Published literature suggests that the incidence of genital warts in Australia went down quickly and significantly after the introduction of the qHPV vaccine in 2007. Starting in April 2007, Australia made the HPV vaccine available to all girls in schools. In July 2007, it expanded the program to women under the age of 27 outside of schools. Before the vaccine was introduced, 15% of women treated at the Melbourne Sexual Health Centre had genital warts, but that rate has now declined to 6%. This decline is thought to be this large because 70% of women under age 28 have been vaccinated, by far the highest coverage in the world. Another study in Australia demonstrated a decrease in the incidence of high-grade cervical abnormalities by 0.38% (95% CI, 0.61–0.16) in girls younger than 18 years. This decrease was progressive and significantly different to the linear trend in incidence before introduction of the vaccination (incident rate ratio, 1.14 [95% CI, 1.00–1.30]; P = 0.05). No similar temporal decline was recorded for low-grade cervical abnormalities or in older age groups. Considering the evidence, universal HPV vaccination is likely to be effective in reducing the population prevalence of genital warts, cervical cancer and other HPV 6, 11, 16 and 18-related diseases. The expectation that the vaccine will reduce cervical cancer rates, the fact that HPV infection affects most women and the lack of an effective means to prevent HPV infection in sexually active people lend support to the vaccination of preadolescents.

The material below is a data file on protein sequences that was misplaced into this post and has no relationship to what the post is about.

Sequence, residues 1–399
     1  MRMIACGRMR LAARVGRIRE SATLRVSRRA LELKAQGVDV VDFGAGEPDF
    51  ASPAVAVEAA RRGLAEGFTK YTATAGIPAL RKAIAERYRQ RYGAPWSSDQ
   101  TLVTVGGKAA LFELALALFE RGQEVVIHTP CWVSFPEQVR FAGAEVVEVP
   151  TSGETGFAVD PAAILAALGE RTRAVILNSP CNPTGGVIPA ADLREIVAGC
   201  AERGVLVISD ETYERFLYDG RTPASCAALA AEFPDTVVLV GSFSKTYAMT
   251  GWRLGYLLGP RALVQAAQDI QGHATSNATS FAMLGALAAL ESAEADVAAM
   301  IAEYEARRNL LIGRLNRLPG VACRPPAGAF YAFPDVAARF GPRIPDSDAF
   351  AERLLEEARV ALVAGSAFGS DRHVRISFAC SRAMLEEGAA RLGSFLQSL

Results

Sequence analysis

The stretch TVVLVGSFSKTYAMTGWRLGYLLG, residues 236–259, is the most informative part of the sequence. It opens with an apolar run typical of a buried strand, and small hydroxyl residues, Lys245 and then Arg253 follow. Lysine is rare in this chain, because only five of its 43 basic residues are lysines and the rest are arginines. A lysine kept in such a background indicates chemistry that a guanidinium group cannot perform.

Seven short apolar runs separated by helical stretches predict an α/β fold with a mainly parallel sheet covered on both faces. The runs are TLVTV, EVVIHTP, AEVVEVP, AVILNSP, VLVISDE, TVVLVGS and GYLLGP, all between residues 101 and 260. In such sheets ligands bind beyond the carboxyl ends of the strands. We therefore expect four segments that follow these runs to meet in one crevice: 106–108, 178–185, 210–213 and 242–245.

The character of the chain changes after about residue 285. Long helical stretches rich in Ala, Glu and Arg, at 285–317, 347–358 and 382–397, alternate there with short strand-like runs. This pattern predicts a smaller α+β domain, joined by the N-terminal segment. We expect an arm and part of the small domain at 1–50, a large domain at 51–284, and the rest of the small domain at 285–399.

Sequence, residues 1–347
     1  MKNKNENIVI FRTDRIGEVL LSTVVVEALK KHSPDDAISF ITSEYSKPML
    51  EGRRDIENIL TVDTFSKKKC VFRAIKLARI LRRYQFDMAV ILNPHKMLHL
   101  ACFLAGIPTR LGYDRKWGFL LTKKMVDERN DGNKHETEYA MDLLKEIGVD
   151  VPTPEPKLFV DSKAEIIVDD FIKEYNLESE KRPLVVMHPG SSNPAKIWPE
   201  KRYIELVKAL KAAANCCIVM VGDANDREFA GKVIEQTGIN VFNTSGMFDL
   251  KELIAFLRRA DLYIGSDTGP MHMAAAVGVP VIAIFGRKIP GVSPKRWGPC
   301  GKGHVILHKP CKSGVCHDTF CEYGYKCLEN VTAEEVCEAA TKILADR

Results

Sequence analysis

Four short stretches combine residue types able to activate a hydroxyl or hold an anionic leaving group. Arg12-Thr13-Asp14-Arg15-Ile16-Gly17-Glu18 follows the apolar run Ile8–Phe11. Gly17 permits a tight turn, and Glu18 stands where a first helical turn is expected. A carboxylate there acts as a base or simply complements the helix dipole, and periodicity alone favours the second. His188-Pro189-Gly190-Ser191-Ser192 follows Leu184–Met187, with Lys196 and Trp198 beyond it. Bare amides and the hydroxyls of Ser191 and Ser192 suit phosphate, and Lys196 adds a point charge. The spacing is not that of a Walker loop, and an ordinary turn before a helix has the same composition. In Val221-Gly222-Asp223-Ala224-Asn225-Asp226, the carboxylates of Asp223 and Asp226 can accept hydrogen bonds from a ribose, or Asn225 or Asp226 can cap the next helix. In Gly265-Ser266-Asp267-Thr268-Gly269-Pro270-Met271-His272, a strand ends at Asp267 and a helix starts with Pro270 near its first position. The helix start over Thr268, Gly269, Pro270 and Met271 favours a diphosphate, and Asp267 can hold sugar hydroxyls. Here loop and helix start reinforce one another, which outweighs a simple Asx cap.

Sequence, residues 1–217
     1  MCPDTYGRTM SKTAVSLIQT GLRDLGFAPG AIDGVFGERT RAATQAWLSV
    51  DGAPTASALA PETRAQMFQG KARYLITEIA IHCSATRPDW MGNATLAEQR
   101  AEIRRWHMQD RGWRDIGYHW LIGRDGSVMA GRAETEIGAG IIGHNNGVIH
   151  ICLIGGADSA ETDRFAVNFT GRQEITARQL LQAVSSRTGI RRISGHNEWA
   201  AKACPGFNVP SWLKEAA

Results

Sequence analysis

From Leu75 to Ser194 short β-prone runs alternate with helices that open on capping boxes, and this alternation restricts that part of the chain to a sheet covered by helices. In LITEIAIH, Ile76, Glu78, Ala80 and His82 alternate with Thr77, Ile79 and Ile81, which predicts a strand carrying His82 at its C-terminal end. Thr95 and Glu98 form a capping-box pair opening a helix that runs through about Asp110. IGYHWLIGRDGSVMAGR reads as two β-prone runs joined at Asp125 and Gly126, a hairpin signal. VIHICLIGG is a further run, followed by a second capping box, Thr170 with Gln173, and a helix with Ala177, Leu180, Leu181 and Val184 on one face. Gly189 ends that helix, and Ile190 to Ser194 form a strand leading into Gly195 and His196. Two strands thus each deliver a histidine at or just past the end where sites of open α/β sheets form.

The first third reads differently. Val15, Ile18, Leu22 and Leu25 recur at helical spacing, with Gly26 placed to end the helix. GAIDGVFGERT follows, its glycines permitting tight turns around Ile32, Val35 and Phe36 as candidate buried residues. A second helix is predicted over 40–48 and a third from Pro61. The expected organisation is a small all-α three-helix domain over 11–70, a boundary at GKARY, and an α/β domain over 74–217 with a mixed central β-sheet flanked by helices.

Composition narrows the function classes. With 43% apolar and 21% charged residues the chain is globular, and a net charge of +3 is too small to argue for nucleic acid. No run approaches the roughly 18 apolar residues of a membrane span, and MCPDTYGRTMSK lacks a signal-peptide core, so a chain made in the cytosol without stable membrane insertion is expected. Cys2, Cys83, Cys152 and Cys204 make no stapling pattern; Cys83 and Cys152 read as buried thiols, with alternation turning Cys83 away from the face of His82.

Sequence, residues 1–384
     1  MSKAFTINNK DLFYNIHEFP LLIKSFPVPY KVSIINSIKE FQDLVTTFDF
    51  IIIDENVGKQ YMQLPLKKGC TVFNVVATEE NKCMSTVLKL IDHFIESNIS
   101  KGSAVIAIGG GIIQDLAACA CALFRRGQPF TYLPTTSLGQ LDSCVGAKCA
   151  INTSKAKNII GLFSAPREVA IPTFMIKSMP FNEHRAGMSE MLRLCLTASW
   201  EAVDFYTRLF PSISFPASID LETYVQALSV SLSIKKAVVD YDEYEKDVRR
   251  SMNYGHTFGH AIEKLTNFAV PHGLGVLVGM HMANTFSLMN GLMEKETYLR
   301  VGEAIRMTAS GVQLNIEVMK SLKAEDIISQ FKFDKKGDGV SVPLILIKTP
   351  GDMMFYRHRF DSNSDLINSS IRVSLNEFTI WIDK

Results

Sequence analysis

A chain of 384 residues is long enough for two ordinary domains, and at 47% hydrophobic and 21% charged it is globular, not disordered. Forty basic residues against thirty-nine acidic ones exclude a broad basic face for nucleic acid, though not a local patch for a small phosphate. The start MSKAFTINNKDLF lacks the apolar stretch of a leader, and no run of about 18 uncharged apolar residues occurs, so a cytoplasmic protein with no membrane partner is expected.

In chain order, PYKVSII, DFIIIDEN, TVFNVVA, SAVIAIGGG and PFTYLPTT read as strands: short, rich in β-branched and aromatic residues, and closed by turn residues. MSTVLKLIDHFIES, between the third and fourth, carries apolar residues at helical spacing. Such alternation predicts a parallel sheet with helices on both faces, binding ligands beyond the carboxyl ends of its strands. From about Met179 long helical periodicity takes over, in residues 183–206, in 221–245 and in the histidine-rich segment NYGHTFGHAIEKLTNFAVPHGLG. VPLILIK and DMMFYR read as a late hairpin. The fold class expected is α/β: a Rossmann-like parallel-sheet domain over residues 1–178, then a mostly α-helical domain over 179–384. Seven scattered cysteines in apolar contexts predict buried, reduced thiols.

This is the first study in Japan showing that a HPV 6, 11, 16 and 18 vaccine was generally well tolerated, induced high titers of serum neutralizing antibodies to HPV types and effectively prevented acquisition of infection and clinical disease caused by common HPV types in Japan. Additionally, this study could provide valuable epidemiological information regarding HPV infection and disease development caused by HPV in Japan.
We thank Scott Vuocolo for critical review and language editing of this manuscript. We also thank Shinichi Kanazu, Nobuyoshi Hazumi and Akira Wakana for their support in preparing this manuscript and all of the participant study sites as follows: SEIKO-KAI NS Clinic, SEIWA-KAI Iesaka Ladies Clinic, Medical Corporation Shinanokai Shinanozaka Clinic, KEIKO-KAI P-One Clinic, Nittazuka Iryo-Fukushi Center Fukui General Hospital, Ikebukuro Clinic, Clinic of Japan Family Planning Association, Women's Clinic Minami Aoyama, Mori Ladies Clinic, SHINYU-KAI Asty Ladies Clinic, Tabata Hospital, Miyakawa Clinic, CHISEN-KAI Kano Hospital and Kyoundo Hospital of Sasaki Foundation.
H.Y. and K.N. received lecture, advisory and travel fees from MSD K.K. Y.T. and K.E. are employees of MSD K.K., a group of Merck Sharp & Dohme Corp., a subsidiary of Merck & Co., Inc., Whitehouse Station, NJ, USA.